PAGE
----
David Suzuki launches Green Tour

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World renowned environmentalist David Suzuki plans to launch a cross-Canada tour to urge Canadians to make the environment the central issue in the next election campaign.
Canadian Press - Jan 29th 2007.

HALIFAX – World-renowned environmemntalist David Suzuki is launching an election-style, national tour this week – starting on the East Coast – to urge Canadians to make the environment their top political issue.

The science broadcaster's tour will stop at cities across the country, and audiences will be asked, "If you were Prime Minister, what would you do for the environment?"

Suzuki says he wants to know what Canadians in 40 communities think, and hopes his tour becomes a jumping-off point to make environmental issues the top concern in the next federal election.

The prominent environmentalist says the country is at an ``historic moment" where some polls are suggesting that the environment has surpassed health as the top concern of most Canadians.

Suzuki, the head of the Suzuki Foundation, says he wants to build on that momentum.

"We're going to spend most of our time listening to what people feel is their kind of issue," he said.

"We want this to be a broad outpouring of interest."

Suzuki says when the tour wraps up in March, he'll take the concerns and ideas he hears to Ottawa. He may also make a documentary.

Suzuki plans to kick the tour off in St. John's, N.L., on Thursday with a public meeting that has already sold out.

He says Newfoundland and Labrador is a logical starting point because it has suffered through the collapse of the cod stocks.

"To me Newfoundlanders are the heart of the environmental crisis. They are the canary in the coal mine," he said in an interview.

"At the time of the collapse in 1992 we thought the stocks would return, and yet here we are 15 years later and there are fewer cod than ever."

From St. John's, Suzuki will continue on to Halifax on Friday, and Prince Edward Island and New Brunswick on Saturday, for public meetings.

Suzuki said the stop in Saint John, N.B., on Saturday night will be important, as the city begins to consider an Irving Oil proposal to build a second oil refinery in the city.

"I know the argument is to have more jobs, but are we going to allow that kind of allure to trump what's going to happen to our air and our water," he asked?.

"What we hope we can do is offer a different perspective that may give ammunition to opponents, or to those who want a better environmental assessment."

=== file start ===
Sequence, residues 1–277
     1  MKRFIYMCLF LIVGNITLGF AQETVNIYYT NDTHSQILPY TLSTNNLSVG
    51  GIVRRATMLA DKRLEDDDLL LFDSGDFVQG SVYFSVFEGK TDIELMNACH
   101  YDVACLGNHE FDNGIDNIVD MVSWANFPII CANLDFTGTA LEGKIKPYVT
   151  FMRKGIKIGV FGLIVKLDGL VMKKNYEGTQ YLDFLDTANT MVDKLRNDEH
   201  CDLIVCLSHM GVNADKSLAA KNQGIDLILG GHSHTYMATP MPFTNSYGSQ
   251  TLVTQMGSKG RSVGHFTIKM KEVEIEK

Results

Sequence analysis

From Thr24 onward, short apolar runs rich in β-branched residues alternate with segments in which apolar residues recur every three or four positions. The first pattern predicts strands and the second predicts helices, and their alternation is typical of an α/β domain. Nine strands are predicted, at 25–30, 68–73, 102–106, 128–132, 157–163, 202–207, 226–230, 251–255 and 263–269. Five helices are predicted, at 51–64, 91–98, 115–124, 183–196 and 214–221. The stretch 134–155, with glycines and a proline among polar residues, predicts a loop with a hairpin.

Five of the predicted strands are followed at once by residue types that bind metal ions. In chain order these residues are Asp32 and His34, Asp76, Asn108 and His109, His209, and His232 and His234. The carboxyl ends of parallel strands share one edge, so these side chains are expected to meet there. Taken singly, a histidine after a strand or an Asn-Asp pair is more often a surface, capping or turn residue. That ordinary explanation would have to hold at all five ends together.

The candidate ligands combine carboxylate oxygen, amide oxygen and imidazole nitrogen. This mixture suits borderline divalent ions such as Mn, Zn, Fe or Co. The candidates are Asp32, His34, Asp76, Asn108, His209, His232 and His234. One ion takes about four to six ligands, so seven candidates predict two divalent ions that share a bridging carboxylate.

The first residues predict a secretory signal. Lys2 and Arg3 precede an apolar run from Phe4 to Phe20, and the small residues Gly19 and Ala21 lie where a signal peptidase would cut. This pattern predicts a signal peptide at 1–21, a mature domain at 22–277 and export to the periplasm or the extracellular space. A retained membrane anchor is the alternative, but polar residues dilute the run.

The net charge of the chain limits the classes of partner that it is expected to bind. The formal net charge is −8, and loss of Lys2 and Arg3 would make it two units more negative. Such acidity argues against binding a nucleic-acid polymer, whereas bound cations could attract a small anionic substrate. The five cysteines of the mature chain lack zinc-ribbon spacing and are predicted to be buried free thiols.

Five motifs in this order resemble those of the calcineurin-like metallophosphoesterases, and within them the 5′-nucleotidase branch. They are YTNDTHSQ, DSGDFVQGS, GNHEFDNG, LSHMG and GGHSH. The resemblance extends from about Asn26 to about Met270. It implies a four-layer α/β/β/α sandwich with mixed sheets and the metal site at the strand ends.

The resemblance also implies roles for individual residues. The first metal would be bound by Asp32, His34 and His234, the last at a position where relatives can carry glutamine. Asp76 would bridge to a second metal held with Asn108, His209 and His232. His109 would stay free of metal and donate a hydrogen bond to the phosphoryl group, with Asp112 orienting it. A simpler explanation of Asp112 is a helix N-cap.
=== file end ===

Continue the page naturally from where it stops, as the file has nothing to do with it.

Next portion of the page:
He's expecting some positive ideas to come out of Charlottetown.

"I've heard that Prince Edward Island is shooting to become 100 per cent fossil-fuel free in its production of energy, which would be fantastic," he said.

Local environmental groups are setting up the events, and funds raised will go back to those groups, said Suzuki.

Canadian celebrities will join Suzuki throughout the tour, with musicians such as Sarah Harmer and Anne Murray performing, along with TV personalities like Rick Mercer, and NHL players Andrew Ference and Robyn Regehr of the Calgary Flames.

The tour has a theme song courtesy of Canadian musician Raffi – a rockabilly number called "Cool It," about global warming.

The David Suzuki Foundation says in a news release that the carbon emissions associated with the tour are offset through its investments in sustainable energy projects, such as wind farms, solar installations, or energy efficiency projects.


Dr. David Suzuki on...communities:

“It’s at the local level that things are really happening, and usually because it’s being driven by necessity. [Municipalities] are finding they can save a huge amount of money by being much more efficient. In every community across the country we should be sitting down and saying why do we live here? What is it about this place that we love, and what do we want this place to be in 30 or 40 years? City councils become cheerleaders for developers because it brings dollars into the coffers. But in the process it often destroys the very reasons people live in those local communities.”

Dr. David Suzuki on...Canadian policies: